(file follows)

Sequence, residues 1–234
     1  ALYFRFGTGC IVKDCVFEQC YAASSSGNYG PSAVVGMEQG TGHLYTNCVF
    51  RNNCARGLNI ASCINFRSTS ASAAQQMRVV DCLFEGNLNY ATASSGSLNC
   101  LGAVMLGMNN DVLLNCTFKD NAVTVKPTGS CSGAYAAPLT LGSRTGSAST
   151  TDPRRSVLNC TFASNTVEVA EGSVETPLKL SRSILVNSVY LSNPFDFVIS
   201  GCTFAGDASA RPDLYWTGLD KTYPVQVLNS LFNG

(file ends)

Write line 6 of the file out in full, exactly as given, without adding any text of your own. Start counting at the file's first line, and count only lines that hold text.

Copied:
   201  GCTFAGDASA RPDLYWTGLD KTYPVQVLNS LFNG